Kiir adds voice to calls for end of atrocities

People queuing outside the UNMISS compound in Bor. Picture: Getty

South Sudan president Salva Kiir has called for an end to wanton killings and tribal-based atrocities, as government troops clash with rebels loyal to his former deputy in an oil-producing region of the country.

Western powers fear the violence could spiral out of control and lead to a civil war split along ethnic lines in the world’s newest state.

Sign up to our daily newsletter

The i newsletter cut through the noise

On Tuesday the United Nations Security Council agreed to almost double the number of peacekeepers there. “Innocent people have been wantonly killed. People are targeting others because of their tribal affiliation. This is unacceptable,” Mr Kiir said yesterday, according to his government’s Twitter account.

“These atrocities recurring by now have to cease immediately,” he added.

The violence erupted in the capital Juba on 15 December and has quickly spread, dividing the landlocked country of 10.8 million along ethnic lines of Nuer and Dinka.

Western powers and east African states have tried to mediate between Mr Kiir, a Dinka, and rebel leader Riek Machar, a Nuer, who was sacked as vice-president in July.

European Union foreign policy chief Catherine Ashton is sending an envoy to South Sudan, the European Commission said yesterday. A South Sudan official said Ethiopian premier Hailemariam Desalegn and Kenyan president Uhuru Kenyatta would arrive in Juba today to help mediate.

Despite African Union calls for a Christmas Day ceasefire, rebels and government troops on Wednesday clashed in Malakal, capital of the major oil state of Upper Nile.

“In Malakal, rebel forces are on one side, and government troops on another. Fighting is still taking place,” army spokesman Philip Aguer said.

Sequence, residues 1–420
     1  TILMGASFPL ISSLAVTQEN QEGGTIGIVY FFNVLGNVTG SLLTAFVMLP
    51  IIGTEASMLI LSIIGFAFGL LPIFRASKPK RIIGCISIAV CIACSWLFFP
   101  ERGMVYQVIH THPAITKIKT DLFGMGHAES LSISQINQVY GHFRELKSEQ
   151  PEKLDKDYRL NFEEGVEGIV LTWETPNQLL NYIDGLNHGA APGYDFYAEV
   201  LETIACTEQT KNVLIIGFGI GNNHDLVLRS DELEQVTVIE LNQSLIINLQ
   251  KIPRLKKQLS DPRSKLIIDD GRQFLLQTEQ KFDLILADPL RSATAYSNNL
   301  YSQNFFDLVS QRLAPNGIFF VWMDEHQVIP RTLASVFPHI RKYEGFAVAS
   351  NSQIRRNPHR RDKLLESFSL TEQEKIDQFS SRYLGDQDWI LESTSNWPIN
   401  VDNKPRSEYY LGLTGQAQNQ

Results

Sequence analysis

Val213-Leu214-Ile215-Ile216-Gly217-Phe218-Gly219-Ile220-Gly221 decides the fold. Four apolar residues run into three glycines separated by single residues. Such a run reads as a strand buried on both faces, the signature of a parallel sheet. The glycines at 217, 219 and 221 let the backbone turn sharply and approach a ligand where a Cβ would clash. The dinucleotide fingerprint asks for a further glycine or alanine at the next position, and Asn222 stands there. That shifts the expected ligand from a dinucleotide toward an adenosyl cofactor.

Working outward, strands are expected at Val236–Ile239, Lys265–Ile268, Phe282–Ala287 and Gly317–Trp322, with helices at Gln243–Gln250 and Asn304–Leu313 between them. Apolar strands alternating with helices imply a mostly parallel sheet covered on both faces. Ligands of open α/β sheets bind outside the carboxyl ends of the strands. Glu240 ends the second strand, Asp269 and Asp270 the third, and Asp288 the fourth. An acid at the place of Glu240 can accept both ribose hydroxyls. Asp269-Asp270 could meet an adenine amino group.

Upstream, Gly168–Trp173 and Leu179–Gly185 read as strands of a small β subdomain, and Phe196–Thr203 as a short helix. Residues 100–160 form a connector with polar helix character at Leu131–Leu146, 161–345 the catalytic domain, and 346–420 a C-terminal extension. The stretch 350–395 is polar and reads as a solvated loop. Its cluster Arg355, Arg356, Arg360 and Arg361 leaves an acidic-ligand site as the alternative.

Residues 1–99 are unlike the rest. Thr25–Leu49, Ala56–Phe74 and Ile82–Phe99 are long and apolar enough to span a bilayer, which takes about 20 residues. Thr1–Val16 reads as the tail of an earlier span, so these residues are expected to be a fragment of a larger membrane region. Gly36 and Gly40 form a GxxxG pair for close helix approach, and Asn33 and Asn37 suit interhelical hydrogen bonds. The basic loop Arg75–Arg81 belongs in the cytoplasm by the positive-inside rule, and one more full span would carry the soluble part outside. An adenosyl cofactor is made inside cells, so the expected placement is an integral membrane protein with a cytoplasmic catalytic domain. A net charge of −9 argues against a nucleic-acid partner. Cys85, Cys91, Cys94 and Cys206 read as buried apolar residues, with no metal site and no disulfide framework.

A UN human rights group on Tuesday found a mass grave containing 75 bodies in a rebel-held town.

Mr Kiir and Mr Machar have both said their dispute is political, not tribal. But many of the 45,000 civilians seeking refuge inside UN bases say they have been targeted based on their ethnicity.

“It’s definitely not a good Christmas here in the abyss of war,” said Chan Awol, a 30-year-old civil servant whose family has scattered across South Sudan after the fighting started.

“Nobody wants to go back to the days when there were no schools, hospitals and roads. Above all, no South Sudanese wants to be a refugee again.”

UN Secretary-General Ban Ki-moon on Christmas Day delivered a radio message to South Sudan’s people, saying the UN will stand with them during the country’s most difficult period since gaining independence from Sudan in 2011.

“We are strengthening the United Nations presence and will do our best to stop the violence and help you build a better future for all,” Mr Ban said.

Mr Machar said on Monday that he was willing to negotiate with Mr Kiir but only if his detained political allies were freed, something the government swiftly rejected. An army spokesman said government troops will within days attack the rebel-held town of Bentiu, capital of Unity state, which also produces oil.